Village Green Partners set sights on 2013 in Sewickley business district
Sponsor more small events throughout the year.
Generate more foot traffic in the business district.
Deliver more information to business owners and customers.
That, in a nutshell, is what Village Green Partners Kirsten Recker and Jennifer Markus plan to do in 2013 as they enter their third year of marketing Sewickley's business district.
To do that, it will take more money from Sewickley taxpayers — $80,000, which the women say will help them as they take on a larger presence in town. Council members approved the funding last month.
But one of the nonprofit group's focuses is to try to quash the perception that Sewickley's business district continues to struggle.
“There are still people who think Sewickley is in bad shape,” Markus said.
“How many towns got one new store (or) two or three?” said Recker, who serves as the group's president. “We have consistently put out an average of six to 10 stores every year.
“We had some people really make a jump and take a risk to open stores.”
Ten businesses opened this year, according to Village Green and Sewickley Herald records.
That same number of businesses closed, including Lucky Ink, which closed within a few months of opening, and Pink & Blue, whose owner closed the business less than a year after opening in the former Monday's Child location at Beaver and Broad streets.
“(Lucky Ink and Pink & Blue) were a little tough for the town,” said Recker, noting the uniqueness of the stores and the customers each store brought to town.
Still, the women say finding vacant storefront space in Sewickley is difficult.
“It's always surprising the people who want to be here,” Recker said.
“There's a handful of people marching around trying to find the right space, and that is really cool.”
“When people come to town looking for space, there's not a lot of options,” Markus said.
In noting vacancies the women want to see filled, they called the former Travelwares, 429 Broad St.; the former Monday's Child, 449 Beaver St.; and the former Chico's store, 419 Beaver St., as the “big three.”
Increased activity within the business district will help, the women say.
Plans are in the works for additional small-scale events — similar to the group's soup crawl held in March and Oktoberfest — such as one around Valentine's Day, Markus said.
“An event like the soup crawl is really inexpensive to run, and it really impacts the stores,” Markus said. “So we want to do more events like that.
“It would be really nice that, if you look at the calendar, every month had something going on. That would be the ultimate goal.”
The women wouldn't disclose specific plans for events.
One event Recker and Markus said they hope gains appeal among not only customers but business owners is an effort to create extended shopping hours on Wednesdays throughout the entire year.
“More and more stores are starting to open (later),” Markus said.
“We're really trying to convince them of why it's important,” Recker said.
Some stores have started experimenting with extended Wednesday hours, Markus said.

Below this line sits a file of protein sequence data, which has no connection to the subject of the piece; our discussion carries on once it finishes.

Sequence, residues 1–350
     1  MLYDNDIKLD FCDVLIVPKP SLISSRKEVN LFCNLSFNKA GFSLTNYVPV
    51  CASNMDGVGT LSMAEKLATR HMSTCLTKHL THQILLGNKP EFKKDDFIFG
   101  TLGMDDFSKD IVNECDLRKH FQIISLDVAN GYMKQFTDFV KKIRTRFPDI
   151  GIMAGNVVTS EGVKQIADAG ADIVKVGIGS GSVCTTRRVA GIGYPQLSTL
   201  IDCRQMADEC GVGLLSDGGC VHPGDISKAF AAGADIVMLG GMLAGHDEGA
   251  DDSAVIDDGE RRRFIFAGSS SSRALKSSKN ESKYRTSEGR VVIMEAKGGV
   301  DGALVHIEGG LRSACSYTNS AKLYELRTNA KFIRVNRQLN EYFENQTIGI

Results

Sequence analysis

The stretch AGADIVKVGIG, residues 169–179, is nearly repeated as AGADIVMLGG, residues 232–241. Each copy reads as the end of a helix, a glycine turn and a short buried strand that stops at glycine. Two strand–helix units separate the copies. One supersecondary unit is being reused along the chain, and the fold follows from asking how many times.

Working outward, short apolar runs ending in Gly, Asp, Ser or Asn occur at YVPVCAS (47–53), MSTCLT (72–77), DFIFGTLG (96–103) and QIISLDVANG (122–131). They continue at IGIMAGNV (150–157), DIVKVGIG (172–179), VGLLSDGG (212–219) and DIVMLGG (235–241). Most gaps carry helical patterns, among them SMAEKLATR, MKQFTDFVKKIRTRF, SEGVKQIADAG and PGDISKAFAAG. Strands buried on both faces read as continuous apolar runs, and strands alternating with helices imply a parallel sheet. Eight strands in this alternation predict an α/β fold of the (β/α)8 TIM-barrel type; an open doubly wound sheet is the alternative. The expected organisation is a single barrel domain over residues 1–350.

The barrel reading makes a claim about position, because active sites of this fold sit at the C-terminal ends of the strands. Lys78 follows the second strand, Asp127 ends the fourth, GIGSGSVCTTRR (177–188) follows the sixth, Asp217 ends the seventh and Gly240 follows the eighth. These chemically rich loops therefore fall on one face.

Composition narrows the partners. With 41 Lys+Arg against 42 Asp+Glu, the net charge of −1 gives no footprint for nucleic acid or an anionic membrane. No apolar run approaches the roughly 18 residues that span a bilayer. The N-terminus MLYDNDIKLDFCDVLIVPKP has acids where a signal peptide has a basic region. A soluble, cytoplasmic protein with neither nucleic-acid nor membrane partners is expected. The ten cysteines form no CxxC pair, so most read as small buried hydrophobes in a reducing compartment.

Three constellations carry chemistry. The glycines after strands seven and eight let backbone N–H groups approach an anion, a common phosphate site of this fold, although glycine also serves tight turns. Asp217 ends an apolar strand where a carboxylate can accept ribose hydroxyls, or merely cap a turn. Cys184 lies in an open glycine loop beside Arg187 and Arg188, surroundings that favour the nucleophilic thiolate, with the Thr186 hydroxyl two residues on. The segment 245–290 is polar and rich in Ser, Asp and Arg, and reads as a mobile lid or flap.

While Recker and Markus say more can be done, they add that their efforts to increase awareness are helping to bring potential customers to the business district.
“I struggle to find the right way to get the awareness out there,” Recker said.
“And most stores do, so we're really not much different than a store.
“(But), more people have learned about Sewickley. So it's working.”
Bobby Cherry is a staff writer for Trib Total Media. He can be reached at 412-324-1408 or firstname.lastname@example.org.
Add Bobby Cherry to your Google+ circles.
Show commenting policy
TribLive commenting policy
You are solely responsible for your comments and by using TribLive.com you agree to our Terms of Service.
We moderate comments. Our goal is to provide substantive commentary for a general readership. By screening submissions, we provide a space where readers can share intelligent and informed commentary that enhances the quality of our news and information.
While most comments will be posted if they are on-topic and not abusive, moderating decisions are subjective. We will make them as carefully and consistently as we can. Because of the volume of reader comments, we cannot review individual moderation decisions with readers.
We value thoughtful comments representing a range of views that make their point quickly and politely. We make an effort to protect discussions from repeated comments either by the same reader or different readers.
We follow the same standards for taste as the daily newspaper. A few things we won't tolerate: personal attacks, obscenity, vulgarity, profanity (including expletives and letters followed by dashes), commercial promotion, impersonations, incoherence, proselytizing and SHOUTING. Don't include URLs to Web sites.
We do not edit comments. They are either approved or deleted. We reserve the right to edit a comment that is quoted or excerpted in an article. In this case, we may fix spelling and punctuation.
We welcome strong opinions and criticism of our work, but we don't want comments to become bogged down with discussions of our policies and we will moderate accordingly.
We appreciate it when readers and people quoted in articles or blog posts point out errors of fact or emphasis and will investigate all assertions. But these suggestions should be sent via e-mail. To avoid distracting other readers, we won't publish comments that suggest a correction. Instead, corrections will be made in a blog post or in an article.
Subscribe today! Click here for our subscription offers.